Viewed from our contemporary perspective, it’s difficult to fully appreciate how different the music scene in general – and the guitar scene in particular – was back in the early part of the last century. When the electric guitar hit the ground as a viable entity in the mid 1930s, everything was up for grabs… and no one was certain it wasn’t just a flash in the pan.
Just two, maybe two and a half decades later, the market had settled down considerably, and the leaders in guitar and amplifier stakes alike were found in the two biggest names that remain with us today – Gibson and Fender. Had you been canvassing the guitar scene in 1936, however, you might have put even money on Vega to remain a contender 20 years down the road.
Going on brand strength, history, and general popularity, Vega was in no way looking like a company that would be noted just a generation later as an “also ran” of the early guitar boom. Founded in Boston in 1881 by Swedish-born Julius and Carl Nelson and a group of partners, Vega made guitars and mandolins from the start, but became a particularly big name in banjos by the early part of the next century. In the early 1900s, the company also expanded to brass instruments after purchasing Boston’s Standard Band Instrument Company. Then, when amplification looked to be the way forward for the guitarist who needed to be heard above all that din, Vega jumped in with both feet. The Gibson ES-150 of 1936 is often cited as the first production-model electric guitar released by a major manufacturer, but Vega’s own electric Spanish guitar, the Electrovox, hit the market that same year – with a humbucking pickup, no less – and the company produced amplifiers to accompany the range. And if that’s not enough to give Vega street cred, it’s worth mentioning the company had a retro-fit pickup (referred to in catalogs as a “head”) available for banjo as early as 1929, with an accompanying “amplifying unit,” though there’s little or no information on it.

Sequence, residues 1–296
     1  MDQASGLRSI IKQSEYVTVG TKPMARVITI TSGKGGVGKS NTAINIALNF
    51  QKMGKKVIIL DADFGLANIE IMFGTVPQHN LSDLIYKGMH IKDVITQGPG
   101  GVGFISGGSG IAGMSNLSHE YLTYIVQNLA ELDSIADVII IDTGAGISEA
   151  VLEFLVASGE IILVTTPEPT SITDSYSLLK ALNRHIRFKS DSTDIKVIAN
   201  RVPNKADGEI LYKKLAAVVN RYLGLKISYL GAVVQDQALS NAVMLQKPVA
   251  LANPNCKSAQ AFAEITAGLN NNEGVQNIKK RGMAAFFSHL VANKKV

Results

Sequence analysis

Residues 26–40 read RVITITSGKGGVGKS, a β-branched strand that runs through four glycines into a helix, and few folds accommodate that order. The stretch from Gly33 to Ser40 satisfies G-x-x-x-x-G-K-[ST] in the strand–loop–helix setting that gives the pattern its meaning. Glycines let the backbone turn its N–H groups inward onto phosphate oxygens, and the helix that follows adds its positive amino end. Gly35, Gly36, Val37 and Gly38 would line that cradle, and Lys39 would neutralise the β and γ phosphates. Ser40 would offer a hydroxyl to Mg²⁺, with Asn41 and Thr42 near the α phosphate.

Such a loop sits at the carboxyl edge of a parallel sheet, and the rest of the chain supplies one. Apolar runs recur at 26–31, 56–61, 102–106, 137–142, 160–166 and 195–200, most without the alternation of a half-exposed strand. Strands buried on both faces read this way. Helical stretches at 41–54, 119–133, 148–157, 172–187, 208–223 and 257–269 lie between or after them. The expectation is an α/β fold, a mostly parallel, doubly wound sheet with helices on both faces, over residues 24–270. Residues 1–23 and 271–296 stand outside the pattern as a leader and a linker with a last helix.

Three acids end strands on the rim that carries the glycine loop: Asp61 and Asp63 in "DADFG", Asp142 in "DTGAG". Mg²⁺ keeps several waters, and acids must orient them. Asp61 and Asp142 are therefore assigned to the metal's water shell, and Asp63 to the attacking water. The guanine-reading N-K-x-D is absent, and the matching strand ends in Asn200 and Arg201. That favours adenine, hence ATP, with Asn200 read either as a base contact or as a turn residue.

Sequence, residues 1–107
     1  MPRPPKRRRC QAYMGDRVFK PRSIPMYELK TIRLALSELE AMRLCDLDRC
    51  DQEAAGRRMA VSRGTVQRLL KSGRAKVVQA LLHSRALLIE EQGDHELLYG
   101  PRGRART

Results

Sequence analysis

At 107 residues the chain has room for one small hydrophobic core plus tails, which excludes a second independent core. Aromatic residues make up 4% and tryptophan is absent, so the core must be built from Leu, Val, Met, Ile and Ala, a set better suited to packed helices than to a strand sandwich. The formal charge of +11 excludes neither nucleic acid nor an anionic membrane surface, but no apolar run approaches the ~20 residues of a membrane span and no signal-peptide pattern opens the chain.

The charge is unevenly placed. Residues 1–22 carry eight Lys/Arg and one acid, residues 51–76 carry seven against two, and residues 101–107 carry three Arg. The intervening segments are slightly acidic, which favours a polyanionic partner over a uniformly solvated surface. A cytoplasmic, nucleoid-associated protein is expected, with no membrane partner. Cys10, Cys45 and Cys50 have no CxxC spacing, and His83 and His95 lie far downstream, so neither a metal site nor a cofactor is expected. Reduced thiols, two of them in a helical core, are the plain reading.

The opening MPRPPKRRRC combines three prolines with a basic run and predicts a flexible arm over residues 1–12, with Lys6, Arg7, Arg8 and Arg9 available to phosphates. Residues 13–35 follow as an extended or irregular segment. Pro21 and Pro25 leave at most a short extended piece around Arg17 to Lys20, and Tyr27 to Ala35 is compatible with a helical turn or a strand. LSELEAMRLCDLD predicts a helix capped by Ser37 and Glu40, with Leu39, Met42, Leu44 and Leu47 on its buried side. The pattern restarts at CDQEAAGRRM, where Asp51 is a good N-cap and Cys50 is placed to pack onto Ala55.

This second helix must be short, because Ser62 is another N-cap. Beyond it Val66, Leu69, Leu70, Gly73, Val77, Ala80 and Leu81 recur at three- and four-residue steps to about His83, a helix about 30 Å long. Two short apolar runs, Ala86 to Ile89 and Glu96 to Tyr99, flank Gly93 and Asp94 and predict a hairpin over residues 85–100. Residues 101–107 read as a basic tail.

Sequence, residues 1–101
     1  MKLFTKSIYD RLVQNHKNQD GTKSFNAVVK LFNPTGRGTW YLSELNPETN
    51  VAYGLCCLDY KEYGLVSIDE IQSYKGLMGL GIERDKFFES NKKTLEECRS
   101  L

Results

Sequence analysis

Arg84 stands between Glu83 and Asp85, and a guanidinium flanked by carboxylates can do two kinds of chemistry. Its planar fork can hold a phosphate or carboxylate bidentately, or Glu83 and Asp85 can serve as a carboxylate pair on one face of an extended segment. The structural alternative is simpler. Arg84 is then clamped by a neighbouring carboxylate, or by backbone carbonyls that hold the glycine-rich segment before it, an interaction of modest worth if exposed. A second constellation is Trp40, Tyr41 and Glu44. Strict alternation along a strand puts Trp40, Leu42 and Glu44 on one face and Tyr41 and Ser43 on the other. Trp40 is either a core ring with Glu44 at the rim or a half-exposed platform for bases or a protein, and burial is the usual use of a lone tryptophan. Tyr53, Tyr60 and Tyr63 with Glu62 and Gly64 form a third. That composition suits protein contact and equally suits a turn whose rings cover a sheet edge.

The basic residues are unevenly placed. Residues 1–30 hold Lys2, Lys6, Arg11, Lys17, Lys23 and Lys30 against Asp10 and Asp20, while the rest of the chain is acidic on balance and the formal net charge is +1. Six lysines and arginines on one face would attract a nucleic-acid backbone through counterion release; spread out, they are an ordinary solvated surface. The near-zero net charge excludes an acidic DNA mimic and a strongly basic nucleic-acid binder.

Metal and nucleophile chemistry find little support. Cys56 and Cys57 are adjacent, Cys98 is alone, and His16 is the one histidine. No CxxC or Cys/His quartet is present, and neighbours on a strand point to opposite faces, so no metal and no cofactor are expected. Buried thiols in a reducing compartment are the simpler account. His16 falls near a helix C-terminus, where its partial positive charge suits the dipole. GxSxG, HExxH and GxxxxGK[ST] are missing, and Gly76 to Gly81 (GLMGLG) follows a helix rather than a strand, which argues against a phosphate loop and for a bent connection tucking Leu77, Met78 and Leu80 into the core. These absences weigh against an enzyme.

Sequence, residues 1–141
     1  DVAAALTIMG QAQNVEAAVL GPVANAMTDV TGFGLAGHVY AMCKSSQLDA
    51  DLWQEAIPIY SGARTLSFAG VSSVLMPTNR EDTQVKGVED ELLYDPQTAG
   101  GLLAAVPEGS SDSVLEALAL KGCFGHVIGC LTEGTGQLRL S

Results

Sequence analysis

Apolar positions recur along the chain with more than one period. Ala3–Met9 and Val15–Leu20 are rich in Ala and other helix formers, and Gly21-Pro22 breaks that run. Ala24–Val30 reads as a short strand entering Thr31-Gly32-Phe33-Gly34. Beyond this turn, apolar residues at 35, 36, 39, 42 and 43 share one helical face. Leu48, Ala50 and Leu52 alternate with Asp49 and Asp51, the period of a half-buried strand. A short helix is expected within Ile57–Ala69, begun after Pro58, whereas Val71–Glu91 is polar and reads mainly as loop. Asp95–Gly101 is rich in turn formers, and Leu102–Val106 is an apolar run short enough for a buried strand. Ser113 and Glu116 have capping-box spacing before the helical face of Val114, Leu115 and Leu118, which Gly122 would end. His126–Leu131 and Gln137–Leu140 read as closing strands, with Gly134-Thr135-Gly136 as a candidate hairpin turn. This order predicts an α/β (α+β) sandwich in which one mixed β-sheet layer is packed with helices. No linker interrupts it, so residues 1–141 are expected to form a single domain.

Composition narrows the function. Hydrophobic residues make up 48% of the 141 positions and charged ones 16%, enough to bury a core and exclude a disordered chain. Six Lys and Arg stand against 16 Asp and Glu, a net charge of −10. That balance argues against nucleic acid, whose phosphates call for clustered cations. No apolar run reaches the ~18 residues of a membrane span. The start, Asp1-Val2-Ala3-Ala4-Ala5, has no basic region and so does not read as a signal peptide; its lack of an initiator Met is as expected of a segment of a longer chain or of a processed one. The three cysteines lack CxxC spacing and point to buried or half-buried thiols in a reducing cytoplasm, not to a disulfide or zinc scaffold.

The Model 120 was manufactured in ’39, and is typical of the Vega line before the war. You’d be hard-pressed to find a cooler-looking art deco motif than on this little amp, and it’s rendered with such stylish simplicity, with a subtle-yet-distinctive “V” carved into the wooden grille that fronts the golden moire speaker cloth. And this was not just any guitar amplifier, but a “High Fidelity Amplifier,” as the plate on the rear of the chassis (also equipped with three inputs) proudly proclaims. A look at the hand-wired circuit inside is likely to inspire thoughts rather far from “high fidelity,” though. This is real deal pre-war/point-to-point wiring – a far cry from the way several boutique makers are doing it today, and yet… you have to imagine there’s a little sonic veracity in there, too. It’s often surprising the way these simple, cobbled-looking old circuits can wring every ounce of tone from a tube complement, and the amp’s owner, George Aslaender, Brooklyn, says you’d better believe that applies here.
“It really is a great-sounding amp!” he reports. “I put a [Gibson ES-] 175 with humbuckers through it… great sound. Output is decent enough to play with a small combo or solo. I also tried it with a Stratocaster; lower gain, but again, a real nice tone. It does not really overload, just gets louder and warmer. Would be a great amp for Fender-style guitars in the studio. It seems to make everything sound good – reminds me of what people say about the [Universal Audio] 1176 compressor and how it ‘puts a hug around the sound.’”
As you can see from the internal shot, this Model 120 has newer filter capacitors, and several replacement signal caps too – routine maintenance that’s simply essential to keeping an old amp running – but the majority of the components are original (a grounded three-prong plug was installed for safety). That whopping potentiometer, backing the only knob on the entire amp, is the Volume control, which also includes the on/off switch coupled to its back. The tubes two 6F5s in the preamp, a single-ended 6L6 for output, and a 5Y3GT rectifier, for five or six watts at best. It all goes into an 8″ Rola field-coil speaker that has survived in surprisingly good condition… Fingers crossed it stays that way. The entire combo logs a diminutive 16″ x 12.75″ x 7.75″. Cute, right?
Vega kept at it through the war years and a couple decades after, but the brand has always remained more in evidence for its guitars (some very cool indeed) than for its amplifiers, and of course banjos remained central to the catalog, too. In 1970, C.F. Martin purchased Vega mainly as a way of adding banjos to its own lineup. From there, the name was also disseminated to a line of imported guitars before the brand eventually lapsed. In 1989, Deering Banjo purchased the name and applied it to a range that is still manufactured today. Alas, there are no amplifiers in the lineup. Oldsters like this one do occasionally surface, but they’re a rare sightings these days.
This article originally appeared in VG July 2016 issue. All copyrights are by the author and Vintage Guitar magazine. Unauthorized replication or use is strictly prohibited.